Do you think that alternative weeklies are still relevant?
Still relevant. You know, I think they still serve a purpose and they’re still places where writers can launch their careers. They’re still part of the noise of the city. But I think it’s much more challenging to have a significant impact on a consistent basis. There are so many alternatives, so many places to get information.
Any other thoughts about PW?
There are two things. One is, working at a weekly is probably one of the hardest jobs in journalism in terms of sheer hours put in. Much harder than a daily; even now with cutbacks and stuff, you just don’t work 50- and 60-hour weeks. To work at an alternative, you had to really put in mammoth hours. That’s one thing. The other is just the sheer number of people who passed through, you know? And considering how many that was, I think the number of people who went away unhappy were relatively few.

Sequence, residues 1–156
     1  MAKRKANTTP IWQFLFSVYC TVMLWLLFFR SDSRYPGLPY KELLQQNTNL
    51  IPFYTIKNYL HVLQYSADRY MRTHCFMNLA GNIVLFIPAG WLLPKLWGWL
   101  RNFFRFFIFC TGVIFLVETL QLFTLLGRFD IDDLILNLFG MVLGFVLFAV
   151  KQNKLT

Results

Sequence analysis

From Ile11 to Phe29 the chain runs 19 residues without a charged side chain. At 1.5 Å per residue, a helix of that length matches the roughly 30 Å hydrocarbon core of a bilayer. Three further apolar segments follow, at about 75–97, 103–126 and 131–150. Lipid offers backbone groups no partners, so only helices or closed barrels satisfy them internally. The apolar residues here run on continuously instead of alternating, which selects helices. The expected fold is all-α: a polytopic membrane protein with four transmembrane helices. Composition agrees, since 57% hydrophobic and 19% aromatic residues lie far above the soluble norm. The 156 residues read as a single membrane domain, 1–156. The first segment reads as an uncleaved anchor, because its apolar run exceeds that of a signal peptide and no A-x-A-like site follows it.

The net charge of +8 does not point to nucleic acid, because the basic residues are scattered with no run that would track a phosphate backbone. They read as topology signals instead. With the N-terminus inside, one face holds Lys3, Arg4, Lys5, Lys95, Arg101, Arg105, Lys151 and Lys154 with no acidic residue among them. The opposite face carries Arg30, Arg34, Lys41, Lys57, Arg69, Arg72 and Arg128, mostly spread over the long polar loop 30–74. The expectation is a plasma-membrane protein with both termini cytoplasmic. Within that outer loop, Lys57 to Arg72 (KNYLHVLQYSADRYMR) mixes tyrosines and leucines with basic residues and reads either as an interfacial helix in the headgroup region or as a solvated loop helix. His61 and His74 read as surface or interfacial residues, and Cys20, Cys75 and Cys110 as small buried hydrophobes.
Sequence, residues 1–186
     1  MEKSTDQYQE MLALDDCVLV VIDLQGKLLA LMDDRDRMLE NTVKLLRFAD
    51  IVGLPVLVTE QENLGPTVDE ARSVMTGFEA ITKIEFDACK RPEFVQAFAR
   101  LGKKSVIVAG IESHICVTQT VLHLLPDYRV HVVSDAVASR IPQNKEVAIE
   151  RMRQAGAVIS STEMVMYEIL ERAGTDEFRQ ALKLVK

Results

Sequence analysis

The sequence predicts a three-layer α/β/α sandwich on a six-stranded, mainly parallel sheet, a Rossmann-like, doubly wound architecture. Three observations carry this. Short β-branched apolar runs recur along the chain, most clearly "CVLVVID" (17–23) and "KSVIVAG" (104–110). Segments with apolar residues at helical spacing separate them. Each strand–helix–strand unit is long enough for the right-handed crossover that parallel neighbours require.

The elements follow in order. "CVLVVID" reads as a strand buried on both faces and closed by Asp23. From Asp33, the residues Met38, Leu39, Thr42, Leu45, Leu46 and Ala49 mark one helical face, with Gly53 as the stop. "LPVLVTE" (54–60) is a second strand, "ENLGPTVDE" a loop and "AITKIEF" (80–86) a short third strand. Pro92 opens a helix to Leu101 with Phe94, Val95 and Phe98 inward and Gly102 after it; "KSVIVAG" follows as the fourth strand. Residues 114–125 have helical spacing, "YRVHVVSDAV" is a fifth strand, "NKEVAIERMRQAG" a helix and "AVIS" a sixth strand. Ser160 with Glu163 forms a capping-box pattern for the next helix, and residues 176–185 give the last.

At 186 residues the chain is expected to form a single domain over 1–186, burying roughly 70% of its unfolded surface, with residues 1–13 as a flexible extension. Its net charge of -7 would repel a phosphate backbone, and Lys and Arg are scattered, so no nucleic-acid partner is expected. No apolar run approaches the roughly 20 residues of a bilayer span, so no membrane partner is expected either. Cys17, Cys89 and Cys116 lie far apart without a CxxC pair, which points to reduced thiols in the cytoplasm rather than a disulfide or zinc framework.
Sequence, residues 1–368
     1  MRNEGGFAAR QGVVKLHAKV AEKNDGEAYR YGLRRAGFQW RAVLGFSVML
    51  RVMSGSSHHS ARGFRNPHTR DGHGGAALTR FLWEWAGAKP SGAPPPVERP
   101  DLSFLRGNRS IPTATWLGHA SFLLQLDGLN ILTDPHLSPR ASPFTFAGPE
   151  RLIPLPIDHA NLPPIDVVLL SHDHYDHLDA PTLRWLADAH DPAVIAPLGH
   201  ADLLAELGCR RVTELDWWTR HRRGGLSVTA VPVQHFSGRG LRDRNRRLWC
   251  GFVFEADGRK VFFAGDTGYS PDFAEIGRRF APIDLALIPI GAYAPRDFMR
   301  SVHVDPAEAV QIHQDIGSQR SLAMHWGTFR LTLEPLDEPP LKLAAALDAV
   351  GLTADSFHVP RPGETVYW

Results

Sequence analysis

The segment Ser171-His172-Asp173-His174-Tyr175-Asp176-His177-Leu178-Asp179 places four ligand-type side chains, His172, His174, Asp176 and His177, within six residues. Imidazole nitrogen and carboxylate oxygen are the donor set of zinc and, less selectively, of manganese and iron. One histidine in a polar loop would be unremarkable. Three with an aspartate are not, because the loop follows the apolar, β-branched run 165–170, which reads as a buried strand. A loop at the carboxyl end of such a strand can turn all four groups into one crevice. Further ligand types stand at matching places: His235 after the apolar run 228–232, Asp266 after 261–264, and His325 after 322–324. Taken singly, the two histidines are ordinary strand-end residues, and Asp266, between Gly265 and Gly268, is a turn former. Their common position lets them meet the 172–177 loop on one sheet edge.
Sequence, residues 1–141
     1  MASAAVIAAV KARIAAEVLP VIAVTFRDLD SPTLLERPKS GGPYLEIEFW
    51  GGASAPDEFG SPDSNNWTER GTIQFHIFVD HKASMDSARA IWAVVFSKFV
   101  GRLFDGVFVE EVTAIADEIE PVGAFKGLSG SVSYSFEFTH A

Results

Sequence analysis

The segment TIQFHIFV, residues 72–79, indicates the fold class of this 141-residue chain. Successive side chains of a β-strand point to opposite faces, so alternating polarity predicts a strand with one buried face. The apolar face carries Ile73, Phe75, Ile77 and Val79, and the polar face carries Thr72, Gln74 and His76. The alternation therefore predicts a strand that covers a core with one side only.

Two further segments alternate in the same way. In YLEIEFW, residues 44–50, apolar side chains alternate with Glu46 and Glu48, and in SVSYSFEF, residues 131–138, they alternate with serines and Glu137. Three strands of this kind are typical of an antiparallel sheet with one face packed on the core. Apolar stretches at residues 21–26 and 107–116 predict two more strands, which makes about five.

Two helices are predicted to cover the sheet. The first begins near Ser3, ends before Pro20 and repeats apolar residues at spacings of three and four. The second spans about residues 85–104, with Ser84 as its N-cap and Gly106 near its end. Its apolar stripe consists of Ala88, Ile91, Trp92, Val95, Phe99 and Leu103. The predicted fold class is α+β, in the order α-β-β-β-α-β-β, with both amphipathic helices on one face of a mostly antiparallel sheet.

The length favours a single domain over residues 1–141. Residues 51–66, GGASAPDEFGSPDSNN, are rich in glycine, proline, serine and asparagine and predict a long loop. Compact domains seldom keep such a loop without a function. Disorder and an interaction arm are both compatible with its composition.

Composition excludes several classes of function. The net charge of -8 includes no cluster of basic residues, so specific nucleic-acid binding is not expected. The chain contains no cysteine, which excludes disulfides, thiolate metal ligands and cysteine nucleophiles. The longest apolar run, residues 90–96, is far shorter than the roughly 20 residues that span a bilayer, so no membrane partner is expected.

The paper you now hold in your hands, PW, has been around for 40 years—more or less. Like most media stories, it’s a bit more complicated than that. No matter the changes, though, there is a through line in the paper’s history: a renegade spirit and a determination to give voices to the voiceless.
Election Day 2014: Tues., Nov. 4